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America’s cities are home to more than 80 percent of Americans and around 85 percent of
US production. They will determine the future of sustainable development in the United States.
In October 2018, the Stockholm Resilience Centre released a report “Transformation is Feasible” to the Club of Rome on how to achieve the UN’s Sustainable Development Goals within Planetary Boundaries.
Improving urban forests is one of the solutions to achieving several of the United Nations Sustainable Development Goals and making cities healthier and more livable for people.
In this article, we examine how the general public in the United States has viewed global warming over the past decade, identifying important trends in public understanding of global warming,
Building upon an initial 6000+ cities committed to GCoM at the time of the signing of the Paris Agreement, cities continue to make significant and ambitious commitments to meet the climate challenge.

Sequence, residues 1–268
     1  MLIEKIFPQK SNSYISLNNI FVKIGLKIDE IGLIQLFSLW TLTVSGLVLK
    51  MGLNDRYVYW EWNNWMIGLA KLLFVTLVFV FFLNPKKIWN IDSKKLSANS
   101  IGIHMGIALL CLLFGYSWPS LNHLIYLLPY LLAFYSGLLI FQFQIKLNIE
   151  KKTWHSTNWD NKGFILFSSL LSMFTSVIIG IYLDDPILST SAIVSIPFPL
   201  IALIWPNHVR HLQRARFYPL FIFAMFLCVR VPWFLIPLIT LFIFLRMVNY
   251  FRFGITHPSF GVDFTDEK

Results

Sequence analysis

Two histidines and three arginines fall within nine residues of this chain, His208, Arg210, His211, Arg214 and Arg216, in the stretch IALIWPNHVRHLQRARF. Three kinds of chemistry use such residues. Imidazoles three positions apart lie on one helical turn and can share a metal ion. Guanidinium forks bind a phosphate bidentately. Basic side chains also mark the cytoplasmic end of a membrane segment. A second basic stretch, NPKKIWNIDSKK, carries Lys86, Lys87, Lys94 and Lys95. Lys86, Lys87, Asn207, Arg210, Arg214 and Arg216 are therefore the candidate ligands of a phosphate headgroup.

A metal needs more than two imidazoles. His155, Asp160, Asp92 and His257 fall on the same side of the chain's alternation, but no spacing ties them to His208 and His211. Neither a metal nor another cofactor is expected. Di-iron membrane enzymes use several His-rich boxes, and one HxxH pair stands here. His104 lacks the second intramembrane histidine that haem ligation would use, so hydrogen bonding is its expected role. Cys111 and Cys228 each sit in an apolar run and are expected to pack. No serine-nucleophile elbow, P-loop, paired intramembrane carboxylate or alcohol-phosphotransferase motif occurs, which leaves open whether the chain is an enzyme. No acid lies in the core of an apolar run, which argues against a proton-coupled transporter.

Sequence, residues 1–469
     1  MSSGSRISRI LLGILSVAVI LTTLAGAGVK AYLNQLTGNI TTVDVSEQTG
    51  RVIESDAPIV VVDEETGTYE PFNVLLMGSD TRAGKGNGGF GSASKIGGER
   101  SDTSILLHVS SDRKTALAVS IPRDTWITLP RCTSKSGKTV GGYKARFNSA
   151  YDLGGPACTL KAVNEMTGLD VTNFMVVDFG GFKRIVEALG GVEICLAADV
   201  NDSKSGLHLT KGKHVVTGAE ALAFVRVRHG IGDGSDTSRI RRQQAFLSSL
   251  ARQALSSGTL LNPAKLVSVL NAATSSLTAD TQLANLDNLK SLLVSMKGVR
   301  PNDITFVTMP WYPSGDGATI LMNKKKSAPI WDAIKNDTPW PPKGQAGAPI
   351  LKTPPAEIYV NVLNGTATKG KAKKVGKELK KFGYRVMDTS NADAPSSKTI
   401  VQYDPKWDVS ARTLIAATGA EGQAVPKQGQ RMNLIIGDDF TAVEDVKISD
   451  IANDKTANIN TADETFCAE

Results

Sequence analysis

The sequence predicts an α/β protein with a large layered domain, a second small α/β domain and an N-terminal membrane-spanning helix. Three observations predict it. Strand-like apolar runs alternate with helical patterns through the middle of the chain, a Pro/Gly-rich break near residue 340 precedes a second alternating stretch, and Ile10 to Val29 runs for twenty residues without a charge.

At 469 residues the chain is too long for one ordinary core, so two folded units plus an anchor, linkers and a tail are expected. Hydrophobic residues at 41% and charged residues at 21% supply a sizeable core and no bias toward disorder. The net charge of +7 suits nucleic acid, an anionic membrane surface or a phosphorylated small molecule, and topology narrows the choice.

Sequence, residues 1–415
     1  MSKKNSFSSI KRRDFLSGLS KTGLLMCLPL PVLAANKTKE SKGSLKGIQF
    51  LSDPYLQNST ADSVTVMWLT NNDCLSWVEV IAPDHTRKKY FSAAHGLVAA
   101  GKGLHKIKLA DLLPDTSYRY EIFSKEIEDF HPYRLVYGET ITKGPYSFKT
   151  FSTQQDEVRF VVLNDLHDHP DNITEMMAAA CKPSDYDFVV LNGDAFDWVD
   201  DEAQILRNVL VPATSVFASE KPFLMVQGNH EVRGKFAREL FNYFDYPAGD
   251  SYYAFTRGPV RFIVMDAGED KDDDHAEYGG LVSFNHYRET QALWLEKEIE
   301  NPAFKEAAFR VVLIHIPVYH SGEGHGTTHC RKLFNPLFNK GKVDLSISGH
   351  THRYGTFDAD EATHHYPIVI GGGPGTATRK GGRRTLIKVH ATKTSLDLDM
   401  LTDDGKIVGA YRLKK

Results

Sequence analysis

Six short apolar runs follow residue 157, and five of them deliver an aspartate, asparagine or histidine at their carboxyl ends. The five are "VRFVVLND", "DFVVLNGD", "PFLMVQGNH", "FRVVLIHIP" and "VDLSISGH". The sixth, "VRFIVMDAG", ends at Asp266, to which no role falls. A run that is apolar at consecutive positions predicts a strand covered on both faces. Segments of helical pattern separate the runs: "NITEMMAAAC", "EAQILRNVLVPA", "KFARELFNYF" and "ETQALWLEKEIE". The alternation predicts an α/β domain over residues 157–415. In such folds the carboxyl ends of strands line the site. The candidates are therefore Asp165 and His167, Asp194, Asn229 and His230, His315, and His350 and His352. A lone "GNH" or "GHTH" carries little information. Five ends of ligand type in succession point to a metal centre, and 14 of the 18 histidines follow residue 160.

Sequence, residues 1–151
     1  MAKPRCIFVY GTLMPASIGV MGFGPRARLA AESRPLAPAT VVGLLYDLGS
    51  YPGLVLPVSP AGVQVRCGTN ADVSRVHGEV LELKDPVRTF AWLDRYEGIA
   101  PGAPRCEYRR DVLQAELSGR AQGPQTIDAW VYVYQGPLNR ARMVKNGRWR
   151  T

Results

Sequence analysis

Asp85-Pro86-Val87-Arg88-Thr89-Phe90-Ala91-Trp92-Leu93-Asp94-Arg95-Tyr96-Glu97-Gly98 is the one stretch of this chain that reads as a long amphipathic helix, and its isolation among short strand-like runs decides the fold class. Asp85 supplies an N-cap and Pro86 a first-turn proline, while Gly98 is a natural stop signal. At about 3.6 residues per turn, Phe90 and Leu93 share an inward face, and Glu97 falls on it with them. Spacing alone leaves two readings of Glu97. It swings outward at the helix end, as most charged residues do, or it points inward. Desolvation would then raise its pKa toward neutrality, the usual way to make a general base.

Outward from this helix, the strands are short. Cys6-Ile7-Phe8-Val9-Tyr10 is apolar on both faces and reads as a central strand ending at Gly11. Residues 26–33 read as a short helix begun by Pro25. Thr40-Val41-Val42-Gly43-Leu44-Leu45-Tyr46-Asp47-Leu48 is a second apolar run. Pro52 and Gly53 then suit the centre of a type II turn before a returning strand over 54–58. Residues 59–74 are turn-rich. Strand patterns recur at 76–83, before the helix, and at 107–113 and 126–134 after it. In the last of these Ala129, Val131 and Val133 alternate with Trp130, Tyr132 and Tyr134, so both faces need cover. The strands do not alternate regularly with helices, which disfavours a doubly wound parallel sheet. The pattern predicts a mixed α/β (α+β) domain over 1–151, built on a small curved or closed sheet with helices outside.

A major challenge in articulating human dimensions of climate change lies in translating global climate forecasts into impact assessments that are intuitive to the public.
With this guide, cities can take advantage of the SDG framework and other cities’ experiences, saving valuable time and resources in setting goals and strategies while not reinventing the wheel.
The impacts of climate change are already being felt in communities across the country.
More frequent and intense extreme weather and climate-related events, as well as changes
The Global Strategy for Plant Conservation (GSPC), with its 16 plant conservation targets was originally adopted by the Parties to the Convention on Biological Diversity (CBD) in 2002.
The impacts of climate change on health as well as the societal responses to climate change are varied and significant.